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Black History Month: Home

To highlight books and resources the library provides in connection with Black History Month

About

Welcome to RHC Library's Black History Month research guide. This guide highlights the books and resources the library offers in connection with Black History.

"Known as the 'Father of Black History,' [Carter G.] Woodson (1875-1950) was the son of former slaves, and understood how important gaining a proper education is when striving to secure and make the most out of one’s divine right of freedom. Although he did not begin his formal education until he was [almost] 20 years old, his dedication to study enabled him to earn a high school diploma in West Virginia and bachelor and master’s degrees from the University of Chicago in just a few years. In 1912, Woodson became the second African American to earn a PhD at Harvard University.

"Recognizing the dearth of information on the accomplishments of blacks in 1915, Dr. Woodson founded the Association for the Study of Negro Life and History, now called the Association for the Study of African American Life and History (ASALH).

"In 1926, Dr. Woodson initiated the celebration of Negro History Week [in 1926], which corresponded with the birthdays of Frederick Douglass and Abraham Lincoln. In 1976, this celebration was expanded to include the entire month of February, and today Black History Month garners support throughout the country as people of all ethnic and social backgrounds discuss the black experience."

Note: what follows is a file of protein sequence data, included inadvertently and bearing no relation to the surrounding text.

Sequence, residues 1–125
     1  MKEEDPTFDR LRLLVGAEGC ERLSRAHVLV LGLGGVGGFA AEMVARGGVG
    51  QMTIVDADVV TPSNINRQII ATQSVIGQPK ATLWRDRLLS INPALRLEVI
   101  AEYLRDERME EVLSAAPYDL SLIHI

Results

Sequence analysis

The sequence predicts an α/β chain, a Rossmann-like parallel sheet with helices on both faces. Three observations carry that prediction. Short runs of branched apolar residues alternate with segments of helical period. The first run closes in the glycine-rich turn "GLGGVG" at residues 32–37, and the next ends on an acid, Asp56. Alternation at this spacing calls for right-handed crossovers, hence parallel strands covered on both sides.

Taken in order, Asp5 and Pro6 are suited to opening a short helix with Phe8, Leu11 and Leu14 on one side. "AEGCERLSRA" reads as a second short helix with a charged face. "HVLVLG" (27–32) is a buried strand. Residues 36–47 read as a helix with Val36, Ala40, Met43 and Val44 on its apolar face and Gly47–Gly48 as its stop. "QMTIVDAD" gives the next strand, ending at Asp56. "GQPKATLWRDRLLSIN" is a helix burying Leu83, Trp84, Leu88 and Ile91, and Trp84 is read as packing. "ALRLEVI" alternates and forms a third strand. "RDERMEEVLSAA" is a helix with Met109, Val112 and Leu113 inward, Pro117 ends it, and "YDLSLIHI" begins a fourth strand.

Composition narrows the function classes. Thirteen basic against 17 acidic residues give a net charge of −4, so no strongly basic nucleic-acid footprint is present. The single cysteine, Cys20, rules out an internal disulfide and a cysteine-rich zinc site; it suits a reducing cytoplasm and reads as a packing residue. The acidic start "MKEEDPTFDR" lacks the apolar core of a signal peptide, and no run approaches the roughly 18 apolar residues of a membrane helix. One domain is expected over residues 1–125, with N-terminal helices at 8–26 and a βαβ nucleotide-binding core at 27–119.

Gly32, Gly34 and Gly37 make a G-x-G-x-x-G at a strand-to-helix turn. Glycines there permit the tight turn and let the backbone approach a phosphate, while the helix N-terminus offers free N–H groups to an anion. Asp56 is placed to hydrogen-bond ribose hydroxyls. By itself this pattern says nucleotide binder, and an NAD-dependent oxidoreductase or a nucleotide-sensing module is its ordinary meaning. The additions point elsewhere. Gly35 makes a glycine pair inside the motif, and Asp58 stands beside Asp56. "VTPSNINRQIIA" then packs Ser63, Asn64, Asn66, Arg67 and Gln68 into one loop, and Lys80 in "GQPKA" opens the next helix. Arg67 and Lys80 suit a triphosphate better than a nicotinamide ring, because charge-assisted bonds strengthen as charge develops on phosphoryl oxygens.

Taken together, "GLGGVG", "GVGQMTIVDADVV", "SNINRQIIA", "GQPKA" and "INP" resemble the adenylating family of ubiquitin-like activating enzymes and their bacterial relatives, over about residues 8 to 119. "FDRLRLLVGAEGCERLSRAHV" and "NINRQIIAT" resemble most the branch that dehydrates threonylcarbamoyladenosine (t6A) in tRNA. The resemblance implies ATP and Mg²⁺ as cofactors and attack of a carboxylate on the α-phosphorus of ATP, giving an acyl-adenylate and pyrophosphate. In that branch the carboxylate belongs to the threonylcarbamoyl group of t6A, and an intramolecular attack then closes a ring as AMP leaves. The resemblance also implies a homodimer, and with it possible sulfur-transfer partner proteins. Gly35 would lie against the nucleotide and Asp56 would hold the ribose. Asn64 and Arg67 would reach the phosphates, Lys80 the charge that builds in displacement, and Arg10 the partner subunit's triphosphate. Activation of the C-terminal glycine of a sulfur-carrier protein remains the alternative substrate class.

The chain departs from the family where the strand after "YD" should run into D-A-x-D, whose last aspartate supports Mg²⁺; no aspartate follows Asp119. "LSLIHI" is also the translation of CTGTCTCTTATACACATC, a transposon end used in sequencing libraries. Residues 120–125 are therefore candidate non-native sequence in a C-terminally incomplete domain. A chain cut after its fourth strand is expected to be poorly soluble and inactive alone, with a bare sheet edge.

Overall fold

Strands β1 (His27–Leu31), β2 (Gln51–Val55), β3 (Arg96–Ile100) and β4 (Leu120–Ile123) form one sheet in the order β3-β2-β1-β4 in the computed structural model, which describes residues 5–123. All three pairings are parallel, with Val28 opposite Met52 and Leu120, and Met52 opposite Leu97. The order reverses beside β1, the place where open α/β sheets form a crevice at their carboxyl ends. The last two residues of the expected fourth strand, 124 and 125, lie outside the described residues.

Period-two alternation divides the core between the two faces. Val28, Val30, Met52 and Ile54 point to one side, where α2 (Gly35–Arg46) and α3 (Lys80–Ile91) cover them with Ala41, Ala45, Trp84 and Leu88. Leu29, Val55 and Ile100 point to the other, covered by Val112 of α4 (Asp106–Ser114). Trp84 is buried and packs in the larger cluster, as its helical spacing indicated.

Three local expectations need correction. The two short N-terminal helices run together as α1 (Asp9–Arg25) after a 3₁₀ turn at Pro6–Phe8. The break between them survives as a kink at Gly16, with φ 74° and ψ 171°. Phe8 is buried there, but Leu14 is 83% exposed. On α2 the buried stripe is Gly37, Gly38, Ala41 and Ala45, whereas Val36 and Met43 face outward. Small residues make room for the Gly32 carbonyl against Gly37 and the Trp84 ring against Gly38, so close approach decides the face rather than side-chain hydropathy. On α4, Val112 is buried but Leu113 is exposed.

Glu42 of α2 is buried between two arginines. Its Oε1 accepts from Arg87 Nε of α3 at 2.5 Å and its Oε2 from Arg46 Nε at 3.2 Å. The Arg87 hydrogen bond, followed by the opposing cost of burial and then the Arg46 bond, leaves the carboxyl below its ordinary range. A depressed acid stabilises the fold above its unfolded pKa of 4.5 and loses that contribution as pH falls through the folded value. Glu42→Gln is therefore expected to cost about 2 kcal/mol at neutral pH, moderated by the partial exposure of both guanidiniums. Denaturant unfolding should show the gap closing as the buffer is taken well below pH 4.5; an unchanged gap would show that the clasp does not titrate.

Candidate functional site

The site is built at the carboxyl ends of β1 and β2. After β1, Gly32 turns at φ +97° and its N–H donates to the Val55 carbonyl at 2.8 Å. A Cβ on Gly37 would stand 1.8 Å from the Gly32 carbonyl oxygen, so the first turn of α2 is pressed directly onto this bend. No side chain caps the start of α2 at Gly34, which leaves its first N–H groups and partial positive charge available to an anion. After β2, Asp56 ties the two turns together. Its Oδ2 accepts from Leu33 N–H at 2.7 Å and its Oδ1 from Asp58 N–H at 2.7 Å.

"Our History." Association for the Study of African American Life and History. Accessed 29 Jan. 2019. asalh.org/about-us/our-history/

Themes in Black History Month

"When Carter G. Woodson established Negro History week in 1926, he realized the importance of providing a theme to focus the attention of the public. The intention has never been to dictate or limit the exploration of the Black experience, but to bring to the public’s attention important developments that merit emphasis.

"For those interested in the study of identity and ideology, an exploration of ASALH’s Black History themes is itself instructive. Over the years, the themes reflect changes in how people of African descent in the United States have viewed themselves, the influence of social movements on racial ideologies, and the aspirations of the black community."

FUTURE THEMES

2022 – Black Health & Wellness

For Past Themes, visit the Association for the Study of African American Life and History website.

"Black History Themes." Association for the Study of African American Life and History. Accessed 29 Jan. 2019. asalh.org/black-history-themes/

2021 Theme - The Black Family: Representation, Identity, and Diversity